With Javier Morales still out with injury, somebody will need to step forward and really push play up the pitch. Grabavoy may not be the man to do that particularly, but he'll help. Velasquez can do it, but as he's generally on the side, won't influence play as much as a playmaker in the middle would. Gil's the best option, and judging by the final 30 minutes of his performance against D.C. United, it's one he's capable of. He simply needs to assert himself more out there — it'll come as a natural result.
Rapid passing patterns
Fascinatingly, Colorado has lost their first two matches having out passed the opponent by a considerable margin, in both matches completing nearly double the passes of their opponent. In both, they even took their fair share of shots. Jason Kreis's side will need to be aware of the danger here.
The solution seems simple: Don't allow Colorado to control the match. Though they haven't succeeded by doing so, they haven't been entirely far off. Stymying those passing rhythms and controlling the match in a safe, sensible manner should be of the highest priority.
I'm convinced that true rivalries must have more than just a geographic component. There needs to be a strong element of competitiveness between the rivals, and the nail-biting nature of the games between Real Salt Lake and the Colorado Rapids have added to the richness of the Rocky Mountain Cup. There have been so many great moments in the Rocky Mountain Cup over the years; bulletin board material, last-minute game-winning goals, big-time saves, questionable calls, questionable no-calls, red cards, and skirmishes, just to name a few.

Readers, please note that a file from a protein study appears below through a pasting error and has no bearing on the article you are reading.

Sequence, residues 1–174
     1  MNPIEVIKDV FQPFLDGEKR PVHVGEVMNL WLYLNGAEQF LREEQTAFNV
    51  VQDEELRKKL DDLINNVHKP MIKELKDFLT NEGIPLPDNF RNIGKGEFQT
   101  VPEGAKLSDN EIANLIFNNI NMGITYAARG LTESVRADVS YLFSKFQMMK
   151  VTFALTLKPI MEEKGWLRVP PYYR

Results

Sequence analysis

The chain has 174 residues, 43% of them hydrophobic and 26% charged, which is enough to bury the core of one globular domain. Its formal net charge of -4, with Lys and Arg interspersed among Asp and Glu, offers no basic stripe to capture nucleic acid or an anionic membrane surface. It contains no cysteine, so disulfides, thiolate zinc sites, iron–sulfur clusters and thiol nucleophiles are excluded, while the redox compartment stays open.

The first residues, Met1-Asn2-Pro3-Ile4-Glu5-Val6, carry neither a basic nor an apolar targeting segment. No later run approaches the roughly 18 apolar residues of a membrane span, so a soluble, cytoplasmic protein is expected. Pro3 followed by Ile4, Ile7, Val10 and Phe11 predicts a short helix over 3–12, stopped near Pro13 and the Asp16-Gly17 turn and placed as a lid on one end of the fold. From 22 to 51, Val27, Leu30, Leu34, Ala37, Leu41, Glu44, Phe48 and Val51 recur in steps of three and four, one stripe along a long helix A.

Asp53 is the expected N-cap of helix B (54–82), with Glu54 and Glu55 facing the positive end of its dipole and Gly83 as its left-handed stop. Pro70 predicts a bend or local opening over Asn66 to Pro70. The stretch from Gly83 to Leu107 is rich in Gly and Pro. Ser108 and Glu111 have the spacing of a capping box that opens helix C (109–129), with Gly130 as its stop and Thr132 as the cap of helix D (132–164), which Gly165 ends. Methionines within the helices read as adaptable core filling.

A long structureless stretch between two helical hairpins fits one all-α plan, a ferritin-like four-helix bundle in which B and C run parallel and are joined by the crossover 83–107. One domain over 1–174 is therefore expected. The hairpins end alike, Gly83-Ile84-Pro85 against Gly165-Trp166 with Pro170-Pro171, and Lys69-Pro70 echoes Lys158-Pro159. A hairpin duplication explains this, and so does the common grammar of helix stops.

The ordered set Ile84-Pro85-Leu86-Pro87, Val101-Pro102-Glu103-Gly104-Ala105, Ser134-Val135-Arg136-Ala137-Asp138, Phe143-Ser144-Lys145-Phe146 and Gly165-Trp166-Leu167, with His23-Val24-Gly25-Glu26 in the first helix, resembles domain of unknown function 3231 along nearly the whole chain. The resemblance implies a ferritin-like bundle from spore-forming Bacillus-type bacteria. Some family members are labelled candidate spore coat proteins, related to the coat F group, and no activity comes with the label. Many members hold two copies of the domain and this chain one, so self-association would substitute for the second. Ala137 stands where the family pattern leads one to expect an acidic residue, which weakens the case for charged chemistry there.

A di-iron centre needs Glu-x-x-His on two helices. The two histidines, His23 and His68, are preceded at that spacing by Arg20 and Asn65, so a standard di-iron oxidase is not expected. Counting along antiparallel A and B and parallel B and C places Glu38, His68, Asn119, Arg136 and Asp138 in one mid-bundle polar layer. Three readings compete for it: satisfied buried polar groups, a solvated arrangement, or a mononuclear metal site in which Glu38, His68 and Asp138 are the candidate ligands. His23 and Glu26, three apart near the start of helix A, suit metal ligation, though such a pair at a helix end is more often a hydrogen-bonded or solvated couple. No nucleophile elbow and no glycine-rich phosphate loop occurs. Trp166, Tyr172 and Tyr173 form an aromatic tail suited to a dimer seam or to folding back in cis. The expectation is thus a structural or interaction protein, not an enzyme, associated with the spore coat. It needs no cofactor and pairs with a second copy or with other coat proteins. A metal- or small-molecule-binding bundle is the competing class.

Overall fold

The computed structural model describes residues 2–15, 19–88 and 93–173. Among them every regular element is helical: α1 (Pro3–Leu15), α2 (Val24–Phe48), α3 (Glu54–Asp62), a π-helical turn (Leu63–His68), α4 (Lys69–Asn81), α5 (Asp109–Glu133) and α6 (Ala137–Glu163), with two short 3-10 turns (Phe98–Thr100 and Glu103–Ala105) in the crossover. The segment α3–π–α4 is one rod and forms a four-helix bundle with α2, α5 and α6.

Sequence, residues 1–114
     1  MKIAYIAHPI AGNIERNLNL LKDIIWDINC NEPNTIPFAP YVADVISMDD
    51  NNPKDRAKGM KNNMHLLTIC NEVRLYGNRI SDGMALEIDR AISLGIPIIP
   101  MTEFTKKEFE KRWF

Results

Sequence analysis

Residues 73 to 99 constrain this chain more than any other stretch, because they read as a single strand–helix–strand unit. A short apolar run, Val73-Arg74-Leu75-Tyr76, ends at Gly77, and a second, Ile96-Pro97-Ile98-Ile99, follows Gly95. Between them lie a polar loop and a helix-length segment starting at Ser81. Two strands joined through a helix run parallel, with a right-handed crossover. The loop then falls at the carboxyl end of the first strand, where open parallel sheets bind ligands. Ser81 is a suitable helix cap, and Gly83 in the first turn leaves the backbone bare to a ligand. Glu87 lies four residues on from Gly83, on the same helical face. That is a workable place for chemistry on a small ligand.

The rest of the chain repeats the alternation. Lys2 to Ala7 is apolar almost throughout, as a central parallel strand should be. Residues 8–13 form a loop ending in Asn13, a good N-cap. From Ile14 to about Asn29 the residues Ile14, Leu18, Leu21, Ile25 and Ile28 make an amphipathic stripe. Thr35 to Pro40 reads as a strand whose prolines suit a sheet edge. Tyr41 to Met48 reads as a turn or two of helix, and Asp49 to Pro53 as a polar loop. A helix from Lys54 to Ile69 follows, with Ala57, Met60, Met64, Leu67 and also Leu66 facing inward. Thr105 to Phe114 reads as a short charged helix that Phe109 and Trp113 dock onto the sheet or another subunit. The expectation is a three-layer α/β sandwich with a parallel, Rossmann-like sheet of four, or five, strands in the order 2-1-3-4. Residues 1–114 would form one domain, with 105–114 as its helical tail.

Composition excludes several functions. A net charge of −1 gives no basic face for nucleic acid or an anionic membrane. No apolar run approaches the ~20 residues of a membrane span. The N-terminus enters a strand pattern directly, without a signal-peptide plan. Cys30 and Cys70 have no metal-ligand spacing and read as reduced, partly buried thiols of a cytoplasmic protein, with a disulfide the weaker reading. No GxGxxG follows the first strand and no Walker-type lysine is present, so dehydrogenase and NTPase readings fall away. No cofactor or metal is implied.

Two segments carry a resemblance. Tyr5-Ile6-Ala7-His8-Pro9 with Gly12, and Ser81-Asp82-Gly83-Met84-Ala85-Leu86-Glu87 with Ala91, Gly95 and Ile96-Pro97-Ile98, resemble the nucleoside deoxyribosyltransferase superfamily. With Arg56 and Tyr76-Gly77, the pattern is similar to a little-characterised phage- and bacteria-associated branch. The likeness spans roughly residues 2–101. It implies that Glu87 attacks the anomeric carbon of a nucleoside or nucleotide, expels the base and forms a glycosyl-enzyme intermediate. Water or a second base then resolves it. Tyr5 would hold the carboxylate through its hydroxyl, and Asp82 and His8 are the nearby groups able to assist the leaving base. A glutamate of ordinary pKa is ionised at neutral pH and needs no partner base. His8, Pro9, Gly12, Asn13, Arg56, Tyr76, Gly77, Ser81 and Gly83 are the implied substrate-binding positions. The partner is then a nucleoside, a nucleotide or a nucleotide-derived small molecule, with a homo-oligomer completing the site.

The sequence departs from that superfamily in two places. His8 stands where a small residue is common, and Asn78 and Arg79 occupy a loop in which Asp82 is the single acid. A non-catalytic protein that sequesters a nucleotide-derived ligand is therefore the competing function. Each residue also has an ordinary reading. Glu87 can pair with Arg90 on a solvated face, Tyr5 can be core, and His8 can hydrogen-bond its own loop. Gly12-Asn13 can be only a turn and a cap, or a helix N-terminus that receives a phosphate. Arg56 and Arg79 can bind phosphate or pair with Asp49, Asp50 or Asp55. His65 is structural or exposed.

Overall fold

My favorite RMC moment – so far – was the RSL-Colorado game on Oct. 24, 2009, the final day of regular season play that year. It wasn't so memorable because of the game itself – RSL won 3-0 – but everything else that went on that night. Let me set the stage for you.
Going into the final day of the 2009 season, one playoff spot was up for grabs. As the day's games kicked off, that final spot belonged to none other than the Rapids who were sitting on 40 points. Right on their heels were FC Dallas, D.C. United, and Toronto FC, each with 39 points. RSL was the final team with a mathematical chance at the playoff spot with 37 points. In order for RSL to make the playoffs, they would need to leapfrog the three aforementioned teams and beat the Rapids. A win by either Dallas, D.C., or Toronto would automatically eliminate RSL.
That afternoon, before heading to Rio Tinto, RSL fans eagerly tuned into the early game on the East Coast: Toronto at New York. We were able to sit back and relax after not too long thanks to a brilliant showing by New York. The Red Bulls scored early and often, thrashing Toronto 5-0 to eliminate TFC from playoff contention at 39 points. One down, three to go.
Then it was off to Rio Tinto where, coincidentally, the final three games that would determine RSL's fate (Colorado at RSL, Dallas at Seattle, D.C. at Kansas City) all kicked off at roughly the same time. Facing a must-win situation, RSL came out flying. Robbie Findley hit pay-dirt twice in the first half hour, ending the drama early as it became apparent that Colorado didn't have the horses to equalize on this night. RSL went on to win 3-0, putting them level with Colorado at 40 points but ahead based on tiebreakers. Two down, two to go.
While RSL was putting a bow on their game, things were getting interesting elsewhere. Dallas gave us an early scare at Seattle when Atiba Harris put them up 1-0, but the expansion Sounders scored twice early in the second half and hung on to win, knocking Dallas out of playoff contention. Three down, one to go.
The D.C. at Kansas City game was going along fine at 1-1 with RSL owning the tiebreaker over D.C. Then suddenly, it looked like the clock had struck midnight and RSL would turn back into a pumpkin - Julius James put D.C. ahead in the 82nd minute. From then on it was all Kansas City on the offensive, but it appeared D.C. would hold on. At this point, almost every member of the media at Rio Tinto was ignoring the final minutes of RSL's win and we were all glued to the TV watching KC and D.C. Then, in second-half stoppage time, RSL got the miracle they needed - a controversial handball gave the Wizards a penalty on the last kick of the game. Claudio Lopez buried it, ending the match 2-2 and putting RSL through to the playoffs.